Missing middle housing faces headwinds, however. Typically, real estate developers prefer to build large-scale housing projects that attract public-private investment and yield hefty returns. In addition, many cities’ zoning laws prohibit the construction of apartment buildings in single-family neighborhoods.

But that is beginning to change.

“Last year, Minneapolis revised its zoning ordinances to allow developers to build up to three residential units on any parcel of land zoned for single-family homes,” McCullough says. “Other cities are looking to do a similar thing to meet the increasing demand for this scale of housing.”

At Minneapolis-based Incremental Development Alliance, executive director Jim Kumon, ’05, and his staff are providing training and technical assistance to help developers, cities, and nonprofit groups ramp up small-scale real estate developments nationwide.

“Missing middle housing is the fabric of our legacy cities and one of the building blocks of our neighborhoods,” Kumon says.

Over the last 60 years, the relentless development of massive multifamily complexes and sprawling single-family subdivisions has left the U.S. with a mismatch between the small-scale residences people need, want, and can afford and the existing housing stock. This disconnect, according to Kumon, has been exacerbated by demographic shifts, such as the shrinking size of American households.

“People now want to live in places with walkable neighborhoods and small-scale housing,” Kumon says. “We’re trying to help individuals and cities rediscover the lost art of developing these places.”

Leveling the Playing Field

Small retail stores and family-owned restaurants were shuttered for weeks during the pandemic, with many suffering catastrophic losses.

“The shutdown illustrated what is essential to the functioning of our society ― the layers we ignored or that were somewhat hidden, such as transit, deliveries, groceries, supply chains, schools, and the public health care system,” McCullough says. “I’m concerned many local retailers and restaurants won’t survive. Do we really want a world where all of our needs, including groceries, are only obtainable on Amazon?”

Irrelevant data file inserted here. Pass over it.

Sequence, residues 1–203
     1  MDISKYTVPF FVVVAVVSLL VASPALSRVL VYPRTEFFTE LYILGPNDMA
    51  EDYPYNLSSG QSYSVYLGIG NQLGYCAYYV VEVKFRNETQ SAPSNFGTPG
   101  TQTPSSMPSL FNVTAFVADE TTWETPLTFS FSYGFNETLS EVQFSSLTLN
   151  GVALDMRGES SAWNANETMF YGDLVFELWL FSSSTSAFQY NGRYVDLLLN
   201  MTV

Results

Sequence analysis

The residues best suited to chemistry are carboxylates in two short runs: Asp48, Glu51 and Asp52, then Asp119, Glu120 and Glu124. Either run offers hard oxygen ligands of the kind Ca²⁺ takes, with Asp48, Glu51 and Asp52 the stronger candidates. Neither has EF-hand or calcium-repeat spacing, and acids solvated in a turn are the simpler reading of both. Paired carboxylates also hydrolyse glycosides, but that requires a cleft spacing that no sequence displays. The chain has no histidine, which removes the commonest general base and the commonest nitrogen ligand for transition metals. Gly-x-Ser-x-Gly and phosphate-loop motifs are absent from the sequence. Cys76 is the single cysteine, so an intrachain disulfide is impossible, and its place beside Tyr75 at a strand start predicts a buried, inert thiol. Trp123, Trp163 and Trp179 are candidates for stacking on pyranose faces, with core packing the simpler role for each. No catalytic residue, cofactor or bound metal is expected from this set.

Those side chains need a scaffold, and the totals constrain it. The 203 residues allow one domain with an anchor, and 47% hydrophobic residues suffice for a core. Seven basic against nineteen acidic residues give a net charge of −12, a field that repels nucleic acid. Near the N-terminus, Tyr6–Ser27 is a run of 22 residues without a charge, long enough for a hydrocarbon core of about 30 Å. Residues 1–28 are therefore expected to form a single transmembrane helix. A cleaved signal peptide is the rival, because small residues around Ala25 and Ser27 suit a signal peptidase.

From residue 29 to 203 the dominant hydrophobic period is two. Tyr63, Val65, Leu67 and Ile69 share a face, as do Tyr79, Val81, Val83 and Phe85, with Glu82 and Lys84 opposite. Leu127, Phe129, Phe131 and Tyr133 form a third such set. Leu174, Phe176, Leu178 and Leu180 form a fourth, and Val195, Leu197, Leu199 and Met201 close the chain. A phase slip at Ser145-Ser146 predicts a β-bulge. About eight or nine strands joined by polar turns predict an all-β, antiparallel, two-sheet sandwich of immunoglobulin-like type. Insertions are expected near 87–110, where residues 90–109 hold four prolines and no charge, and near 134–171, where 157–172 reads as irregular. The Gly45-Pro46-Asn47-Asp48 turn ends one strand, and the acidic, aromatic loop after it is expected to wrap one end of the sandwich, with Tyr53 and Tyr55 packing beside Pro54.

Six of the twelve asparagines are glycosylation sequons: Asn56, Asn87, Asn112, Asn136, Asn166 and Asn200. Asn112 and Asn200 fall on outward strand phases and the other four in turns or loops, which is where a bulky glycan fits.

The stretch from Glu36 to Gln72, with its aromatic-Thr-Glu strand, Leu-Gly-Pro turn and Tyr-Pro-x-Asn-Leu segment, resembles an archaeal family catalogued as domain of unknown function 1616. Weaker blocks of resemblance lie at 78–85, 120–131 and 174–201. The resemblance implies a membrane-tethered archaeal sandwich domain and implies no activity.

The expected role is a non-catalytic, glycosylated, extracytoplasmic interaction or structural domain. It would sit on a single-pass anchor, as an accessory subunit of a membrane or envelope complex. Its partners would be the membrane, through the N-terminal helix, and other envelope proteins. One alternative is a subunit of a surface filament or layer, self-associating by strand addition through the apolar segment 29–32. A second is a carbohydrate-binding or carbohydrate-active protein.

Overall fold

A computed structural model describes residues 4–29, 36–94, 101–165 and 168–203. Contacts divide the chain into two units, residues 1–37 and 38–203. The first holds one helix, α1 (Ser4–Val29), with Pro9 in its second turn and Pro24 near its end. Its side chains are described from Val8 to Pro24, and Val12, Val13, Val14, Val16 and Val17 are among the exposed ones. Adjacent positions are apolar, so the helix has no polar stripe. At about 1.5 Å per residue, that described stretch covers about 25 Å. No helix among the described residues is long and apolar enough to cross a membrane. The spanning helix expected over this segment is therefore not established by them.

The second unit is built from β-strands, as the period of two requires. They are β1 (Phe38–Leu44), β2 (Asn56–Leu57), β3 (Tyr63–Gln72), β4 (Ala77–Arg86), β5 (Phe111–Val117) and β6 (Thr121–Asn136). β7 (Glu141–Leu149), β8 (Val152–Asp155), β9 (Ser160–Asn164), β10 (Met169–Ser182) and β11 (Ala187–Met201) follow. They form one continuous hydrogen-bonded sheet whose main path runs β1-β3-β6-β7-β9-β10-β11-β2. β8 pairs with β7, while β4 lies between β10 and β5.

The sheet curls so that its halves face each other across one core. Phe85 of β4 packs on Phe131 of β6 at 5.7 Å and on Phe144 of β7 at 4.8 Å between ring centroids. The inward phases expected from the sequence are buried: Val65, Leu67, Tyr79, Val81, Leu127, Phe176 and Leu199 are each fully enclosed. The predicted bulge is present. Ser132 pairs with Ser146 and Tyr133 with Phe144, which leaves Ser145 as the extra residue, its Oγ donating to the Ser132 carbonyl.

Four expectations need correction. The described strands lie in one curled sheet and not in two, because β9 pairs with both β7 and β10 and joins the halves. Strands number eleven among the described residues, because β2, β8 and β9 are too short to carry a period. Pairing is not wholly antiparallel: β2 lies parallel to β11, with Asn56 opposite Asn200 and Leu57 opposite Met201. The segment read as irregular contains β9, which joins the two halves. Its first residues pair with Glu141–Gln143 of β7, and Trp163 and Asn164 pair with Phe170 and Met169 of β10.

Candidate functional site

To retain the unique local flavor of downtown shopping and dining districts, cities may need to level the playing field for family-run businesses that are competing with deep-pocketed chain stores. For instance, McCullough suggests capping the size of downtown retail space to make smaller-footprint stores available and affordable for small business owners.

Coronavirus-driven limits on the number of customers permitted in shops and sit-down restaurants could be eased by allowing local businesses to expand outdoors into parking lots, streets, and plazas. In addition, farmers markets selling local produce and handicrafts could be relocated to airy public parks to encourage safe distancing.

Redressing Social Inequities

Student project for North Corktown, Detroit, by Sara Alsawafy, Erin Bolin, and Zhenkun Zhang
Credit: Student project for Northwest Detroit by Corey Blaskie, Adrian Bonnin, and Frank Gibase

Substantial evidence indicates that the coronavirus has disproportionately affected low-income minority residents in urban areas.

“We have known that the structural racism in our society is spatial ― literally in the structure of our cities ― but the pandemic has laid this bare,” McCullough says. “African Americans have been contracting and dying from COVID-19 at a far greater rate than whites.”

Spatial conditions ― such as limited access to health care, nutritious food, clean water, and reliable transportation ― have increased the vulnerability of disadvantaged communities. Many urban dwellers also suffer from asthma, diabetes, and obesity because they live in food deserts with higher levels of air pollution and industrial contaminants.

“In Detroit, there are people who can’t wash their hands because their water has been shut off,” McCullough says. “Some of my Taubman students were unable to continue their studies online because they lacked access to robust internet service in their neighborhoods.”

Conditions are likely to worsen without decisive action to mitigate long-standing social inequities, according to McCullough.

“I only hope the pandemic will finally provide the impetus we need to address these issues comprehensively.”

Looking to the Future

Student project for North Corktown, Detroit, by Sara Alsawafy, Erin Bolin, and Zhenkun Zhang
Credit: Student project for North Corktown, Detroit, by Sara Alsawafy, Erin Bolin, and Zhenkun Zhang

McCullough remains cautiously optimistic that American cities can survive the coronavirus pandemic, achieve greater resilience, and resume their growth.

“If you think about New York City in the 1980s or Detroit in the 2000s, when conditions were so dire, there were cool things happening in music venues and restaurants,” she says. “Rents were affordable, and people had more leeway for creative pursuits.”

With perseverance and luck, cities may once again experience a renaissance driven by hardscrabble innovators, entrepreneurs, and artists.

“In the aftermath of the coronavirus lockdown, people have come to appreciate the value of the public realm and the social interaction our cities provide,” McCullough says. “I think this realization will incentivize us to invest in our cities, neighborhoods, and social structure.”


Claudia Capos, ’73, is an award-winning journalist and the owner of Capos & Associates. Her feature articles on research, business, celebrities, and travel have appeared in national and regional publications.